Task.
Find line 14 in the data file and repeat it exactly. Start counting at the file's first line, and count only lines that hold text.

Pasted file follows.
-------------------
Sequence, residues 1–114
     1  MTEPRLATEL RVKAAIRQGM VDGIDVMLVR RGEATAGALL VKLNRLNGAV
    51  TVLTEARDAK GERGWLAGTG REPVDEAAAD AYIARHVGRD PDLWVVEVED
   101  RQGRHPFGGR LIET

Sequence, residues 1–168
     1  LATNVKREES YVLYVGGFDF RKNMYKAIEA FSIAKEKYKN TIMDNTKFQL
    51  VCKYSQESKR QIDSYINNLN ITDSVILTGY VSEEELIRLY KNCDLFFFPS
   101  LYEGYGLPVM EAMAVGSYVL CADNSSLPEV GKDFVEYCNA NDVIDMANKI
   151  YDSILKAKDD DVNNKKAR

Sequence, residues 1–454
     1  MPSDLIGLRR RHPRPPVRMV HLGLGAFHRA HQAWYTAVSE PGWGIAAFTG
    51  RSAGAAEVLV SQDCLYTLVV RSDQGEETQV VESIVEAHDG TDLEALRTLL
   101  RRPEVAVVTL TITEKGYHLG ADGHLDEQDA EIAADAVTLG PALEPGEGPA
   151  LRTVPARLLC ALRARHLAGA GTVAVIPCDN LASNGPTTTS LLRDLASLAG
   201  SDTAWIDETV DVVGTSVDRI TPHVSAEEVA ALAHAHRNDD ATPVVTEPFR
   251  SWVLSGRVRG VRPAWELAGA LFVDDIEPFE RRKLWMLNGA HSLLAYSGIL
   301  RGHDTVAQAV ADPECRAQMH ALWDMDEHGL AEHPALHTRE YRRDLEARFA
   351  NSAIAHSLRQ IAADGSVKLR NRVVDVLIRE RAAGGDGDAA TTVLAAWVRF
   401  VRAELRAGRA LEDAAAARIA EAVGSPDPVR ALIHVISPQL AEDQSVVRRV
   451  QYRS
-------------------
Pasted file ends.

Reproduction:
   151  LRTVPARLLC ALRARHLAGA GTVAVIPCDN LASNGPTTTS LLRDLASLAG